Dedicated Delta customers who fly the airline's premium cabins will be getting a dining upgrade beginning this April. The carrier has teamed up with the luxury Italian homewares company to create 86 new in-flight tableware items which will debut next month in the Delta One, first class, and premium select cabins.
Inspired by six of Alessi's legendary designers, the serviceware will include everything from barware to teapots, quirky silverware and the brand's signature oblong plates and bowls.
"The Alessi for Delta collection is part of our continued investment in delivering a world class, global culinary experience that will elevate our customer inflight dining to new heights," Delta SVP of in-flight service Allison Ausband said in a statement. "At Delta we know that every aspect and detail of the travel experience matters, and partnering with Alessi allows us to bring an uncompromising level of elegance and service to the onboard experience."
An added touch of designer flair at 35,000 feet is, for sure, a good thing. And Delta's dining program might see an unexpected boost from the project, as well. Scientific studies have shown that the perception of taste—and diners' enjoyment of food—is influenced by much more than the actual flavor of what's on the plate.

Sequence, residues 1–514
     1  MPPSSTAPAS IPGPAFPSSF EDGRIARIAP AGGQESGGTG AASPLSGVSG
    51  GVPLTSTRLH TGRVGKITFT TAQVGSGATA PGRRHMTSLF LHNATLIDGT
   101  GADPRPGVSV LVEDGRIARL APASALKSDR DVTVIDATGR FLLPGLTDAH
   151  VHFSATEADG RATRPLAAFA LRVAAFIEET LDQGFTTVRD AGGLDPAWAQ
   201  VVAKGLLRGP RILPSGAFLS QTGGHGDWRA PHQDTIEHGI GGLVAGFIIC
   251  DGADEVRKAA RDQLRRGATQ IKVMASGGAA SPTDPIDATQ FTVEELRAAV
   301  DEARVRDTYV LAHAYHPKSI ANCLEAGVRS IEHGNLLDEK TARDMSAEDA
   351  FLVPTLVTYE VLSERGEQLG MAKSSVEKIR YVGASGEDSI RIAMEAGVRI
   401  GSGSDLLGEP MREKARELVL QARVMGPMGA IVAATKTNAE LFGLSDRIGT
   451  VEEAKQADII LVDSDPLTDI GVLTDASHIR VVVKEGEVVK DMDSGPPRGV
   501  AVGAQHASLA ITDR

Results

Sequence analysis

"Research has demonstrated that factors external to the food source can influence consumers' perceptions of food," according to a 2013 study that appeared in the peer-reviewed open-access Flavour Journal. "Contextual factors including cutlery or tableware, the atmosphere, and packaging have all been shown to influence the perceptual experience."
One study, conducted by Dr. Peter Stewart at the Memorial University of Newfoundland, Canada, and his research partner Erica Goss, found that the correlation between certain colors, shapes, and flavors could be quite specific.
For example, "Sweetness and intensity ratings were increased by white round plates but so were ratings of quality and liking," Stewart told the BBC. "The familiar look of the white round plate may have led to higher ratings, but it is also possible that the ratings were influenced by our learned associations."